Belgium to ban burqa

A bill is making its way through the hoops in Belgium that would ban the covering of one’s face with clothing in public, effectively banning some of Islam’s most prolific tools of oppression.

The draft law would make it illegal to wear clothing that covers all or part of the face, which would also include the facial veil known as the niqab. Defying the rule could lead to nominal fines of $20 to $35 or possible imprisonment for up to seven days. Proponents say they’re targeting the burqa not because of its religious symbolism or even because it is widely seen in the West as a sign of male oppression, but rather for safety reasons: they say that people who hide their faces represent a security risk. In that light, the law also seeks to target potentially violent demonstrators who cover their faces, backers say.

I don’t believe that for a second. Everyone knows the purpose of the burqa is to oppress women – and reasonable people reject its use on that basis.

This reminds me of blue laws. In their original form, these laws are meant to enforce what the religious think people should be doing. That is, they are immoral impositions of morality. In the U.S., they are usually unconstitutional since they endorse a religion, but court rulings have tended to cite the modern secular reasons the laws are maintained. (Incidentally, the secularization of Christmas is why it legally remains a federal holiday.) Recently in Maine, there was an attempt to allow car dealerships to be open on Sundays, something they currently cannot do. There was a backlash from that industry that pointed to higher costs and effectively forced openings on Sunday due to higher competition. It’s that sort of reasoning that makes what were once blue laws into just regular, secular laws.

Belgian lawmakers are utilizing this sort of reasoning in their rationale for banning the burqa. They’re claiming security since the religious basis has less clout. The difference, however, between what happened with Maine car dealerships and what is happening in Belgium is that the dealership owners really did have secular reasoning; it wasn’t just a thinly veiled lie.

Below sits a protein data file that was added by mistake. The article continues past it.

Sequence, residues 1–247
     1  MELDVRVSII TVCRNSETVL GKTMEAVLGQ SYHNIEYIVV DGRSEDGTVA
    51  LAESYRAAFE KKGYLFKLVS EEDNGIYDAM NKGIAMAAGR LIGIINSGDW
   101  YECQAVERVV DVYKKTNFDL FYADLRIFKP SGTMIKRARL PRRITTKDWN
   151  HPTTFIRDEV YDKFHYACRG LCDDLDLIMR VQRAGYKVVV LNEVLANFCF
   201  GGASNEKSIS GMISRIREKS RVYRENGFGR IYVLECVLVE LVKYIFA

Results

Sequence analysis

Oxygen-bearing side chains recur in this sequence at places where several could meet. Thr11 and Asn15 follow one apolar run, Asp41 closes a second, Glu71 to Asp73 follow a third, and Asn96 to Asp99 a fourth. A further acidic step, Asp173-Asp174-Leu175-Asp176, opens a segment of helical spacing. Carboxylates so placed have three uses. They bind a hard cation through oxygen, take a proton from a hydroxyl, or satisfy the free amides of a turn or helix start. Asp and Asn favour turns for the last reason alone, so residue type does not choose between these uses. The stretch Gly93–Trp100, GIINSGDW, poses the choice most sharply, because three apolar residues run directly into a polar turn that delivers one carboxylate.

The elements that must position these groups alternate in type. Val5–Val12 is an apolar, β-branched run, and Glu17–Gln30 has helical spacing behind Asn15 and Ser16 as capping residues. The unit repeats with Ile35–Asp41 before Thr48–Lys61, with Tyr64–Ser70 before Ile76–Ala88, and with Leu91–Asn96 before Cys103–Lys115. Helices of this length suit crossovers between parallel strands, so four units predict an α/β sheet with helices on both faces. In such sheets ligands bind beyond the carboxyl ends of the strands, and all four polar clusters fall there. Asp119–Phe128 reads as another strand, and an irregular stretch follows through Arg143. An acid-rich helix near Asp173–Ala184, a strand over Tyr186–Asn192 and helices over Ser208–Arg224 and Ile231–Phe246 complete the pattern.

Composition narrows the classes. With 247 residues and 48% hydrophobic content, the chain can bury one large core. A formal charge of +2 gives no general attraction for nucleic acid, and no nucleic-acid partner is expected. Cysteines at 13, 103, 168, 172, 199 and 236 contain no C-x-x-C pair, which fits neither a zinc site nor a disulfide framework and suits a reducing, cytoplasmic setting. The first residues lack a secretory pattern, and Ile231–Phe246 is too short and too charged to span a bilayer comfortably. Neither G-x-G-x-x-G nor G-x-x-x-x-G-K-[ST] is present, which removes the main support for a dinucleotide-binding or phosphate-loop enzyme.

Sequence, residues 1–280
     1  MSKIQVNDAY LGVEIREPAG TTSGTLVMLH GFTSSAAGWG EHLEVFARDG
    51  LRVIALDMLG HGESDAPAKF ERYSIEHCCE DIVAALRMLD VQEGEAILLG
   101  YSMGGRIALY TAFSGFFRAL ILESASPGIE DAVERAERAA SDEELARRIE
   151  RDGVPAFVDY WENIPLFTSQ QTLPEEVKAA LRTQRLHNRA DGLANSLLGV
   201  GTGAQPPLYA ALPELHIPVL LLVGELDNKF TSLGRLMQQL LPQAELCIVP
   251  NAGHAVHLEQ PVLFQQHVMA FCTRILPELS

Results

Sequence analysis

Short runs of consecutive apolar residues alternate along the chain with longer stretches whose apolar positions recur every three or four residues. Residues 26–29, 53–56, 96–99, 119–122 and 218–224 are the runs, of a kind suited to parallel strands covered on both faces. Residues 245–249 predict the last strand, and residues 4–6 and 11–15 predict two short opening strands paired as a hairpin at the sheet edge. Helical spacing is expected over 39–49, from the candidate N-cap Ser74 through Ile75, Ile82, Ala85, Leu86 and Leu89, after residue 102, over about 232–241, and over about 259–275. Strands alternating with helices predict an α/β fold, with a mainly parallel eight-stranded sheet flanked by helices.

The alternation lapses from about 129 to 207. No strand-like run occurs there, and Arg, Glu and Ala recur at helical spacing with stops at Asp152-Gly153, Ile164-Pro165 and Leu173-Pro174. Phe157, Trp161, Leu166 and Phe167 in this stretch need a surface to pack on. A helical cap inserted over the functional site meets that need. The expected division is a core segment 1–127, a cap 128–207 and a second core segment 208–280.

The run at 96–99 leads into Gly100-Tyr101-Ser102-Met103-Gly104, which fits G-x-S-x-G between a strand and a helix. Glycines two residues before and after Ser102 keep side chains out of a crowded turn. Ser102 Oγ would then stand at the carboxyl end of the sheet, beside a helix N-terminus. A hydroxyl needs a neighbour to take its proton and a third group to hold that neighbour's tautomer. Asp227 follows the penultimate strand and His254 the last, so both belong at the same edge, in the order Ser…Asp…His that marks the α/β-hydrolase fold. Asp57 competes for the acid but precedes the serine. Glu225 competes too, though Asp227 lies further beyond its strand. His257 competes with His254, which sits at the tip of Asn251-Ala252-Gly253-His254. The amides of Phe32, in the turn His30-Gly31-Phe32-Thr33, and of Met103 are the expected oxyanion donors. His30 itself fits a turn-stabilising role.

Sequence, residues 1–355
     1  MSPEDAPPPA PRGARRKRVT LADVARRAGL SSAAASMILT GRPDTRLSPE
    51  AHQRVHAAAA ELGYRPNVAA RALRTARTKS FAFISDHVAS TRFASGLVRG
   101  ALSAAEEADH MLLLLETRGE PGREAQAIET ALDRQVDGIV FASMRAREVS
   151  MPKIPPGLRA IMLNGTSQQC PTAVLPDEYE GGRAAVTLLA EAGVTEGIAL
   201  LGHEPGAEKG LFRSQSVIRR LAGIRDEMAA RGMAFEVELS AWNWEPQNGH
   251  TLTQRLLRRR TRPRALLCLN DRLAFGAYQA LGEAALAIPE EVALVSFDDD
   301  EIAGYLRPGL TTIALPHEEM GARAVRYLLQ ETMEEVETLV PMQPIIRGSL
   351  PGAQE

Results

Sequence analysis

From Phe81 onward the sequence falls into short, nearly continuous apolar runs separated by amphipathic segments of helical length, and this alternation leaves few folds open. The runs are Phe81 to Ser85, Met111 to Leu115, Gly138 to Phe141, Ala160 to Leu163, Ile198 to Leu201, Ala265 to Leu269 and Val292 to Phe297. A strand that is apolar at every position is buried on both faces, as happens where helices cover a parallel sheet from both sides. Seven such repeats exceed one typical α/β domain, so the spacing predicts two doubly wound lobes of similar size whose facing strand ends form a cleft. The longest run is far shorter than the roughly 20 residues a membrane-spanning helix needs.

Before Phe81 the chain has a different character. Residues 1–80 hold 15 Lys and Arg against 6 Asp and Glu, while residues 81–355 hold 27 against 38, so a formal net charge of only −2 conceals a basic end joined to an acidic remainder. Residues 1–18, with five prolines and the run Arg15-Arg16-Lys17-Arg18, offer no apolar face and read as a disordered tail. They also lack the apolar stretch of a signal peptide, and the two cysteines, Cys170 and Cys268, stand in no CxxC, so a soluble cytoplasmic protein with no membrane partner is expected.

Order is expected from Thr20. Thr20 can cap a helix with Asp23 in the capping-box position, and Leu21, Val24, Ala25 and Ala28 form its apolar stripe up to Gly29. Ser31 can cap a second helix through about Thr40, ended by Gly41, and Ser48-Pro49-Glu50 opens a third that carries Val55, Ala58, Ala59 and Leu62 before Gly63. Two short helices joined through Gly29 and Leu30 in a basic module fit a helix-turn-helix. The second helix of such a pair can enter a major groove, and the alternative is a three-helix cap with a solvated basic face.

Of course, not everyone is lying.

But the bill’s chief sponsor, Daniel Bacquelaine of the liberal Reformist Movement party, admits that cultural considerations have also come into play. “In an open society, we need common values and we need equal rights and duties,” he says. Bacquelaine estimates the burqa is worn by only a few hundred of Belgium’s 630,000-strong Muslim population, but the numbers have been rising in the past decade. “It has become a political weapon,” he says. “There is nothing in Islam or the Koran about the burqa. It has become an instrument of intimidation, and is a sign of submission of women. And a civilized society cannot accept the imprisonment of women.”

The French march on the burqa

The French just seem to hate the burqa. A parliament report has recommended a ban of the burqa in certain circumstances.

In the end, the commission called on parliament to adopt a resolution stating that the all-encompassing veil was “contrary to the values of the republic” and proclaiming that “all of France is saying ‘no’ to the full veil”.

The National Assembly resolution would pave the way to legislation making it illegal for anyone to appear with their face covered at state-run institutions and in public transport, for reasons of security.

Women who turn up at the post office or any government building wearing the full veil would be denied services such as a work visa, residency papers or French citizenship, the report said.

It’s obvious this proposal has been inspired in part by fear of Islam, but it seems that there probably is some genuine concern for the equality of women.

I can sympathize with that concern; it’s obvious that the burqa is a tool used to tell women they are inferior. That’s it. Pat Condell goes off on this at some length. And I can sympathize with the need for national security. Where it is relevant, by all means ban the damn thing – at certain points within airports, in banks, etc. But where my sympathy for the French is entirely lost is with the rights and personal liberties of the individual. At no point should a government be allowed to intrude upon the right of any individual to dress in any sort of harmless manner. I hate the burqa as much as the next rational person, but I would hate to see it illegal for someone to freely practice her (or his) belief.

Sarkozy set the tone for the debate in June when he declared the burqa “not welcome” in France and described it as a symbol of women’s “subservience” that cannot be tolerated in a country that considers itself a human rights leader.

It is precisely that: a symbol. And should a woman be forced to wear this symbol by another person, that is a human rights violation. But if the woman chooses to wear an ugly mask, no government has the right to tell her otherwise.